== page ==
“The political situation in Montenegro reflects all the complexities that most Western democracies face at the moment,“ says Vladimir Radonjic, Managing Partner of Radonjic & Associates in Podgorica. “It feels like, in the past few months, since we began battling the crisis, politics has really taken a back seat.“ He says that this may change, though, as the pandemic weakens and a new normal emerges on the horizon.
“Things are moving in cycles [in Montenegro], as in most parts of the Balkans,“ says Partner Sasa Vujacic of Vujacic Law Offices. “This is an election year in Montenegro and that will be reflected on the business sector for sure, as we approach election day.“ Vujacic reports that the election date “should be no later than October of this year“ and says that, although more political influence will be felt in all sectors of business as it approaches, “not a lot of changes in Montenegro's political structure are to be expected."
The transportation sector is one of the most important factors for a country’s progress. Montenegro’s transportation sector has been transforming over the past few years towards the goal of harmonizing its infrastructure and services with European Union regulations. The Transportation Development Strategy of Montenegro for 2019-2035 (the “Strategy”) was adopted to regulate the guidelines and plans for future projects as well as to present the current state of the transportation sector in Montenegro. The Strategy aims to improve transportation in Montenegro and thus significantly enhance both tourism and business.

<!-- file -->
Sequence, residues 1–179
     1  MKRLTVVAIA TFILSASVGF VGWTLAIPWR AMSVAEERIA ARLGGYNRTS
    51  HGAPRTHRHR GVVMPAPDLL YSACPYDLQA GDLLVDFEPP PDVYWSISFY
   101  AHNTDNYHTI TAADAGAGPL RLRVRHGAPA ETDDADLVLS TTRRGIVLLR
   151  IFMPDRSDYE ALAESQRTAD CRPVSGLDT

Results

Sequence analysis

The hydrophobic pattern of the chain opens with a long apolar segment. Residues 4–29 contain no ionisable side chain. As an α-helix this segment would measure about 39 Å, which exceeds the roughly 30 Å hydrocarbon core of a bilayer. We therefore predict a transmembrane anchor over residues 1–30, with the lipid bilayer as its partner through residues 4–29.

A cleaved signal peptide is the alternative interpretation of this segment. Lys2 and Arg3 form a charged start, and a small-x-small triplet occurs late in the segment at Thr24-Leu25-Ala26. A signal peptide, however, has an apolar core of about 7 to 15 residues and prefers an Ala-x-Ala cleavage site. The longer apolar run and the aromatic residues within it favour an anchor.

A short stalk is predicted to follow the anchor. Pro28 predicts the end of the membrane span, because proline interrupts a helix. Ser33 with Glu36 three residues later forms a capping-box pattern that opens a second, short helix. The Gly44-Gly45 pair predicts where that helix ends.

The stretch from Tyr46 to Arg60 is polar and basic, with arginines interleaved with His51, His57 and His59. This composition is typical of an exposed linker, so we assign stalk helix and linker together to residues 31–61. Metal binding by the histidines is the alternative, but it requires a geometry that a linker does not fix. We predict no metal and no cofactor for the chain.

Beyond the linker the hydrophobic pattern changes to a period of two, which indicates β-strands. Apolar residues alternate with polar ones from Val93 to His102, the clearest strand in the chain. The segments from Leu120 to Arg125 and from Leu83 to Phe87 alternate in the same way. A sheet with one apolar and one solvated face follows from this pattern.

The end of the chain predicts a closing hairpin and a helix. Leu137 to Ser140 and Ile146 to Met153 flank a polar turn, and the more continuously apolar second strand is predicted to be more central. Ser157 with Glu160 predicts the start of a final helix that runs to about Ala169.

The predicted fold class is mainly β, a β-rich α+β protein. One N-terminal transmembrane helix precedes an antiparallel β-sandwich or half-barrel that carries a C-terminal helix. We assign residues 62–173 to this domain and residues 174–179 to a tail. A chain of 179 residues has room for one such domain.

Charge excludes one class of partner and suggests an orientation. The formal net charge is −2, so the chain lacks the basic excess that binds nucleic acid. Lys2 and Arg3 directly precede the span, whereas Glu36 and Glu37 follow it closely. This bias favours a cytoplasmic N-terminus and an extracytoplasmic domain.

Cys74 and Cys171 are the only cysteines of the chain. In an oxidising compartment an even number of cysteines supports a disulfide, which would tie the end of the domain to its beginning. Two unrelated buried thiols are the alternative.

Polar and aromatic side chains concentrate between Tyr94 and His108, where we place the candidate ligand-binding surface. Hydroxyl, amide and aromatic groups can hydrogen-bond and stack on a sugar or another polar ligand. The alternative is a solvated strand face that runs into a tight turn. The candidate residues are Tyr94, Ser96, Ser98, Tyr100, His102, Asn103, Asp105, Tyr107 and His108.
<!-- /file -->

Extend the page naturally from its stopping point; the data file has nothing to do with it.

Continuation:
In addition to their traditional role guiding companies through legal and regulatory waters and managing disputes, General Counsels are increasingly called upon to provide input on strategic matters. An expert panel at the second annual Balkan GC Summit considered how this change in the nature of the General Counsel role is manifesting itself in the countries of the former Yugoslavia.
A recent report found that, in 2018, 72.2% of Montenegrin citizens had online access from home, with Internet access via mobile phones increasingly common as well. In terms of mobile and Internet service, Montenegro is not behind other countries from the region or Europe at large, but digital technologies are used far less in areas such as economy or education. Information technologies are most commonly used for Internet browsing and social network communication, but are rarely used for communication with public administrations, local governments, and other service providers, which indicates the society’s insufficient digital advancement.
Jones Day has advised Societe Generale in connection with the sale of its majority stake in the share capital of Societe Generale Montenegro, a company listed on the Montenegrin Stock Exchange, to OTP Bank Nyrt. Schoenherr advised Societe Generale on matters of Montenegrin law, while CMS advised OTP.